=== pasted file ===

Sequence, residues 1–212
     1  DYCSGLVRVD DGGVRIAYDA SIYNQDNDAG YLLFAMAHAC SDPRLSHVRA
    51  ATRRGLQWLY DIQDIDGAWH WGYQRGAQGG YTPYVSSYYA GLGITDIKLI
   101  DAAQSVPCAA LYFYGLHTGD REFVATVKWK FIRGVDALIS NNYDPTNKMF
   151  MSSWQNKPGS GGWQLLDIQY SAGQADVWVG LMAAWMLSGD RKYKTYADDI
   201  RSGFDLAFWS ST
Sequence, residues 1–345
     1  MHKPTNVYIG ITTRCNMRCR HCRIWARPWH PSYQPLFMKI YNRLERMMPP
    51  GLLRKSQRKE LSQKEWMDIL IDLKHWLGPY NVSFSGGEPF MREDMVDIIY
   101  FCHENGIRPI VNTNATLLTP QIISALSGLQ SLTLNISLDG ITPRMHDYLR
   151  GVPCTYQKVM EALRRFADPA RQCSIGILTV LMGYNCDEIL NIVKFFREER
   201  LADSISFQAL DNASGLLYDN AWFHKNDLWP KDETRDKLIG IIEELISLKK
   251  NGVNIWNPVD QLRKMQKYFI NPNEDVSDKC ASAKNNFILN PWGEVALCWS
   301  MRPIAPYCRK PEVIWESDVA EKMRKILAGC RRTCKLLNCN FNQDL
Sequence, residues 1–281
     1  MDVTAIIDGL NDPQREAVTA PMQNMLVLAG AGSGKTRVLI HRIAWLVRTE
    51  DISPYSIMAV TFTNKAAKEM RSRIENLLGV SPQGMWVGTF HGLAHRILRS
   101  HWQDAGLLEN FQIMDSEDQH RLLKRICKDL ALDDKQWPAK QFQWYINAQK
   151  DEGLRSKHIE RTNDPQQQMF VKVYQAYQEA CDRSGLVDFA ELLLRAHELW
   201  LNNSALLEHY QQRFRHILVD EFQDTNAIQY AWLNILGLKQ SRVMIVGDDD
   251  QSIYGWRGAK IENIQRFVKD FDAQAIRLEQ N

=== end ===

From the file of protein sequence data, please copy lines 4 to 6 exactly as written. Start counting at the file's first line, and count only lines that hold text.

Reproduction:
   101  DAAQSVPCAA LYFYGLHTGD REFVATVKWK FIRGVDALIS NNYDPTNKMF
   151  MSSWQNKPGS GGWQLLDIQY SAGQADVWVG LMAAWMLSGD RKYKTYADDI
   201  RSGFDLAFWS ST